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Lawmakers' damaged reputations after the 16-day government shutdown may be exactly what a stalled plan to reform America's immigration system needs.

At least, immigration advocates from both sides of the debate hope that's the case.

Before the shutdown, they and two border-state members of Congress from both parties were optimistic Congress would pass immigration reform, though everyone differed on what that reform would look like.

After the shutdown, those questions still remain, and it's compounded by critical time lost to act before Congress breaks for the holidays and then starts the debt-ceiling and budget battle all over again.

But immigration is low-hanging fruit for Republicans whose poll numbers tanked during the shutdown and would love support from Hispanic voters in November's 2014 mid-term elections, said Kevin Appleby, the director of migration policy at the U.S. Conference of Catholic Bishops, which favors reform.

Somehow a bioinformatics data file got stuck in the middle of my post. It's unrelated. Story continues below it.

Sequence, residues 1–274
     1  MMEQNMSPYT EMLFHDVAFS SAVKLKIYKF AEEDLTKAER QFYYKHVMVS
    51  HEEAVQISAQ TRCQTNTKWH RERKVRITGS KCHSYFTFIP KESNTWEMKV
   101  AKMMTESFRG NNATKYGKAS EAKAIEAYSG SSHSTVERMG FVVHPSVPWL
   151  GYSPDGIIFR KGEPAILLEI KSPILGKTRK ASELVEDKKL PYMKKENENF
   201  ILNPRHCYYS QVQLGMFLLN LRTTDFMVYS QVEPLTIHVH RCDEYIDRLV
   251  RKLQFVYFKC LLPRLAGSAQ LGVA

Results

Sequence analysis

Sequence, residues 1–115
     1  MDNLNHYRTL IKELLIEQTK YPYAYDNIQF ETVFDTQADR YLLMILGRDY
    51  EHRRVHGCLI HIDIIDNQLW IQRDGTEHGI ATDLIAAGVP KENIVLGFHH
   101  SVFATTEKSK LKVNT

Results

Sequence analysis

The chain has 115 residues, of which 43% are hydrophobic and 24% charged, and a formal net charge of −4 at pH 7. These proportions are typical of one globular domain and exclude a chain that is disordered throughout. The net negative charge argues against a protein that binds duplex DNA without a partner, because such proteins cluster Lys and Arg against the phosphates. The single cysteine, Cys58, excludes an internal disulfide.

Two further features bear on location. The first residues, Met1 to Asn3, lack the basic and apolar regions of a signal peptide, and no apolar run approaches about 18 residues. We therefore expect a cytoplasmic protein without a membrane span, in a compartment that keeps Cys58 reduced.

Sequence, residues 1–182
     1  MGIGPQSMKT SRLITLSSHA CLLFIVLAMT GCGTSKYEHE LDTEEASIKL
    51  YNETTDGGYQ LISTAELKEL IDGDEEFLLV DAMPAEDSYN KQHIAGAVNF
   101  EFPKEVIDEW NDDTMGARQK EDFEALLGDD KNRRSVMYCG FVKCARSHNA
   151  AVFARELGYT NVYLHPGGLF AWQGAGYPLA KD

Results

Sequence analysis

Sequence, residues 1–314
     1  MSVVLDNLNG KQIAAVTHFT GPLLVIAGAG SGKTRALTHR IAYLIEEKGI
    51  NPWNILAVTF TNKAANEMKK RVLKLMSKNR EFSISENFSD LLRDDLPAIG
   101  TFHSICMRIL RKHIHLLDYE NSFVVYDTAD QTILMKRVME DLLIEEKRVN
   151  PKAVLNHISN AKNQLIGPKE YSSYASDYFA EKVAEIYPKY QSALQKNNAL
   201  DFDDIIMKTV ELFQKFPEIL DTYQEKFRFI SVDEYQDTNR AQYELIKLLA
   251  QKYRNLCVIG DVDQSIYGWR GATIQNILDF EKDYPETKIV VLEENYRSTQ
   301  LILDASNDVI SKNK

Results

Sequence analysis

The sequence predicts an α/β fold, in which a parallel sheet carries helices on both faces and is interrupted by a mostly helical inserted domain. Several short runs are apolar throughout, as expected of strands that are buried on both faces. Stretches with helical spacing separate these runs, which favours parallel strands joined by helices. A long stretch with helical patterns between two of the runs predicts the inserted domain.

"The stakes are higher now," Appleby said. "With the water that was taken on by both parties, they need to demonstrate they can do something in a bipartisan manner."

A comprehensive bill passed the Senate in June with bipartisan support, but it's been stalled in the House as Republicans debate alternatives to the plan that includes a path to citizenship for immigrants in the country illegally. A key Republican player in the debate, Sen. Marco Rubio on Florida, said Monday he thinks a large immigration reform bill doesn't have the support to pass the House.

Still, immigration advocates say post-shutdown there's a growing trend of lawmakers working together on small pieces of immigration reform that could translate into momentum for fixing the whole system.

Rep. Steve Pearce of New Mexico, the only House Republican whose district borders Mexico, said a legalization plan isn't fair and suggested instead a guest worker program and reforming the country's legal immigration system, a compromise he said could be a way out of the stalemate.

"I think we in the House earlier in the year got trapped in the position that it's amnesty or nothing," he said in an interview before the shutdown.

Pearce's office put out an equally optimistic statement after the shutdown that said: "We can act now on the aspects of immigration reform we can all agree on."